The invention story of the first modern sports bra is even more bizarre. In the 1970’s, jogging was just starting to become popular and women across the country were taking to the trails. They ran in regular lingerie style bras, which resulted in slipping straps, chafed skin, and very uncomfortable breasts. This unsupported bouncing not only resulted in sore breasts but also damaged the ligaments that support breast tissue resulting in premature sagging and other health problems.
In 1977, Lisa Lindahl, an avid runner, was on the phone with her friend Victoria Woodrow. “What do you do for a bra,” asked Victoria. “All that flopping about, it’s hardly comfortable.” When Lisa joking replied that there should be a jock strap for women the two ladies had a good laugh.
After Lisa hung up, she paused and realized that this was actually a pretty good idea! With more consideration, she decided a great sports bra should have no sharp hardware, minimize breast bounce, and have straps that didn’t fall down. She brought on costume designer Polly Smith to create a few prototypes.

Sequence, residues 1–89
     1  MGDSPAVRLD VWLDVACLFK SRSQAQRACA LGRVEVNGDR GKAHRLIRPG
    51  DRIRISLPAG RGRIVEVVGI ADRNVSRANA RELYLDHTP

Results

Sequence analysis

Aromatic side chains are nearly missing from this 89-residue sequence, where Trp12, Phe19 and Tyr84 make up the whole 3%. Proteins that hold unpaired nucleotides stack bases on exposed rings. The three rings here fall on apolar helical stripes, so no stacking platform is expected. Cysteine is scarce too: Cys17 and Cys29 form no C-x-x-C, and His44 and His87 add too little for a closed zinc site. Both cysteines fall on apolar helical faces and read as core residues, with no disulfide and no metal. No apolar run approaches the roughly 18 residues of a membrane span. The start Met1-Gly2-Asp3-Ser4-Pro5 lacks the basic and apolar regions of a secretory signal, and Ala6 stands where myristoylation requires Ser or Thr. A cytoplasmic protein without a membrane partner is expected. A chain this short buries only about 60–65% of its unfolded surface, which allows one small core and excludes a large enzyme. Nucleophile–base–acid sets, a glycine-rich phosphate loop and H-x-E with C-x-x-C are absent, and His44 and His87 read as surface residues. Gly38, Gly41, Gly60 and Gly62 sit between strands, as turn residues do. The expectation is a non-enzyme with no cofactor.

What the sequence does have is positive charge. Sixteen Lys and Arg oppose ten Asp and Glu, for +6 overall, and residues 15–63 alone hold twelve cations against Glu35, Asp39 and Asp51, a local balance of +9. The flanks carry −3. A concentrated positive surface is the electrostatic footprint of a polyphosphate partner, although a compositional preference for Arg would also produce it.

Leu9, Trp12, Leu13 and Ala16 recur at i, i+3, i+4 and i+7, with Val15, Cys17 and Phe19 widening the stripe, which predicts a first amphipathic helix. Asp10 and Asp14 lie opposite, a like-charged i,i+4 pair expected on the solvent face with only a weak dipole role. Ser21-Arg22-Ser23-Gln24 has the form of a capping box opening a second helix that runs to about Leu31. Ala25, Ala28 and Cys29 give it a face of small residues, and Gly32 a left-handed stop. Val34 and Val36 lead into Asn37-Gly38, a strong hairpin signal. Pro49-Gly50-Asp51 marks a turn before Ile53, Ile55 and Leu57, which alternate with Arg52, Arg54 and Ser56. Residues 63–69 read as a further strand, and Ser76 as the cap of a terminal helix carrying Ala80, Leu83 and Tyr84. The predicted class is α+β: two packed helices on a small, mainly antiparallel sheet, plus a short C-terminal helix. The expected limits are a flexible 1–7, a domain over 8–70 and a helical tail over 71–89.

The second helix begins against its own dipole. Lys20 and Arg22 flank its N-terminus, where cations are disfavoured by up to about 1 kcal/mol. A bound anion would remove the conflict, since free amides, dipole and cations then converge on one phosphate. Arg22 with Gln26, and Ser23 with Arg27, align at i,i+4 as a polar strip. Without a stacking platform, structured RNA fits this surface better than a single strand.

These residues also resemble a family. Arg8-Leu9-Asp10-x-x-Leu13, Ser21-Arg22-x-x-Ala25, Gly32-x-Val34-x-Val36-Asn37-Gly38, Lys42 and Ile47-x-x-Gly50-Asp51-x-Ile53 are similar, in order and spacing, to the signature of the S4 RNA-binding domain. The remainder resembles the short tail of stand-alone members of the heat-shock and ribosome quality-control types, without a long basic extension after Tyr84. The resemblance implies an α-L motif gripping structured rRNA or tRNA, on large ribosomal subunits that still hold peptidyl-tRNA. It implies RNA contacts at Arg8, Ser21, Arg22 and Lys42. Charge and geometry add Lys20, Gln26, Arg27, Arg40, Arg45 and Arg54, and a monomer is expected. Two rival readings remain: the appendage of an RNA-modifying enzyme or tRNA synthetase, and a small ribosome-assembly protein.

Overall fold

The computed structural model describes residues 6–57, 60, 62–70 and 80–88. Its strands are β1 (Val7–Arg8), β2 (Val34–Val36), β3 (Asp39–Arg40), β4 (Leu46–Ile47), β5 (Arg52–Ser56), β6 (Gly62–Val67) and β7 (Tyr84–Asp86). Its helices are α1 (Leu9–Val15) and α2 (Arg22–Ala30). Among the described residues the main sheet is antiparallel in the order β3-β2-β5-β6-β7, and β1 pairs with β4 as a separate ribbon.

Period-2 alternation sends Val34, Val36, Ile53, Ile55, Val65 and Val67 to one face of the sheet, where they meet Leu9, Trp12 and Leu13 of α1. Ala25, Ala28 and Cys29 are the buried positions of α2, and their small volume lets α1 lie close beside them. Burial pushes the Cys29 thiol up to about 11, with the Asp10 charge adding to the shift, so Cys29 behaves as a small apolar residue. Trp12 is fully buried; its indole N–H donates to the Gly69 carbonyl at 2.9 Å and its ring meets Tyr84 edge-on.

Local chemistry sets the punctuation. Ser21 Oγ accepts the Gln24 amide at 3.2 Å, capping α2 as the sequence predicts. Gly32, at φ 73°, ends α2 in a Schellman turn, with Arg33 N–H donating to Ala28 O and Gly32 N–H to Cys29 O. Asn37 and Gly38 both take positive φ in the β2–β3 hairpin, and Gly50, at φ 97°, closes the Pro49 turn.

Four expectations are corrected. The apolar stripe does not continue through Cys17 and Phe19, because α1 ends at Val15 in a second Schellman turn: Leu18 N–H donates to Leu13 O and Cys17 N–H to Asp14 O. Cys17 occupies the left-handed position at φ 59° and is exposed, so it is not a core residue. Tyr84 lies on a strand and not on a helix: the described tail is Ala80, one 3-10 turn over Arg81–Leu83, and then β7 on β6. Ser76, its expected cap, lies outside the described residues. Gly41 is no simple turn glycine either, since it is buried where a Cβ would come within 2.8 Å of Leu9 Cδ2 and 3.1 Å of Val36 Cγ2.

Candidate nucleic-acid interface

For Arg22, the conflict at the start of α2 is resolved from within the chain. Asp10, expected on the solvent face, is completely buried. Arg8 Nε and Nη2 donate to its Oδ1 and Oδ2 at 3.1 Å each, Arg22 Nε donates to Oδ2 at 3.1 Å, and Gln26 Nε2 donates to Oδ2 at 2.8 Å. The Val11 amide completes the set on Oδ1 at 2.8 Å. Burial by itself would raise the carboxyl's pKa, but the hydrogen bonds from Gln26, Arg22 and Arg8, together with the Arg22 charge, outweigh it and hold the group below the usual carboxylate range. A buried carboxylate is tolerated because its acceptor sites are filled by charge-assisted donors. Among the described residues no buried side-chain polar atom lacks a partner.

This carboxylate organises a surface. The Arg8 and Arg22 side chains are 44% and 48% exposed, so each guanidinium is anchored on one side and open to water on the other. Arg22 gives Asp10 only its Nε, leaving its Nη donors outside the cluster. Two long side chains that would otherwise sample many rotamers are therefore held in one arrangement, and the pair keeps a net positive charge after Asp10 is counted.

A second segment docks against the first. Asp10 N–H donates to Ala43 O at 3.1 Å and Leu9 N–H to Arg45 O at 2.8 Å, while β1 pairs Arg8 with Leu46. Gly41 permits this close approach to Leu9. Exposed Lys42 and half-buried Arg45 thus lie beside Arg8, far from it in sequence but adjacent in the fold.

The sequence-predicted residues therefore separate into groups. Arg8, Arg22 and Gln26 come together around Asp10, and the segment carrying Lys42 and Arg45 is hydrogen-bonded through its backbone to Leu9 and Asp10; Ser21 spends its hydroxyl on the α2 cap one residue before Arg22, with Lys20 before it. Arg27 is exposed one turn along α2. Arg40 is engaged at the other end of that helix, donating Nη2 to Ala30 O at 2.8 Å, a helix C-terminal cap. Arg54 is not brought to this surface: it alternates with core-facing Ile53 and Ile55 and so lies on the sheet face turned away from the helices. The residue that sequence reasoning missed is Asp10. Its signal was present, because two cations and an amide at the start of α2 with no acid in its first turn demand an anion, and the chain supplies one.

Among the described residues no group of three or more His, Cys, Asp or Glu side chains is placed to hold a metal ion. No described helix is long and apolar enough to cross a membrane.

They were having trouble nailing down the design when something brilliant happened. Lisa’s husband strapped two male jockstraps to his chest and paraded around the living room. The ladies took notice. After some creative sewing, the first JogBra was born.
Over the years, the sports bras have undergone many changes and scientific improvements. There are three main types on the market. A compression bra squishes the breasts against your chest wall creating the familiar “uniboob” effect. An encapsulation sports bra has two separate cups, which lift and separate the breasts. This bra type is more supportive for larger cup sizes, but they also tend to be less comfortable. Finally, a combination bra exists which is a mixture of the two styles.
Sports bras are designed to help women feel comfortable and confident while they exercise, but not all women choose to take advantage. The University of Portsmouth found that the majority of women who exercise don’t bother to wear a sports bra despite the risk of breast damage, pain, and accelerated sagging.